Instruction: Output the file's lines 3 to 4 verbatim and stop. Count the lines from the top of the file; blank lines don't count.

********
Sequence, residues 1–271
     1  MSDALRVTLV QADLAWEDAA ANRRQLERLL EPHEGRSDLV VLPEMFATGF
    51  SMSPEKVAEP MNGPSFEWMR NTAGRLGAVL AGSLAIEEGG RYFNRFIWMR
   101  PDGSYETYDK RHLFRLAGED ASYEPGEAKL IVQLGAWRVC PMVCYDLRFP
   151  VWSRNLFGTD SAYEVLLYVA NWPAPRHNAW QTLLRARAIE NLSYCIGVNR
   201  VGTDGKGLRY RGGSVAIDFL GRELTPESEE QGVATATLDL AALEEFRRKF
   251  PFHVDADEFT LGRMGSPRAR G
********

    51  SMSPEKVAEP MNGPSFEWMR NTAGRLGAVL AGSLAIEEGG RYFNRFIWMR
   101  PDGSYETYDK RHLFRLAGED ASYEPGEAKL IVQLGAWRVC PMVCYDLRFP